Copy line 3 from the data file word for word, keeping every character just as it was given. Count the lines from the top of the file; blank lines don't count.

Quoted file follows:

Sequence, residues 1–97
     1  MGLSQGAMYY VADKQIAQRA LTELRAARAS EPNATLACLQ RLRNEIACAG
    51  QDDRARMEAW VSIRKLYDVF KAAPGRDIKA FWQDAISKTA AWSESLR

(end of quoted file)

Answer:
    51  QDDRARMEAW VSIRKLYDVF KAAPGRDIKA FWQDAISKTA AWSESLR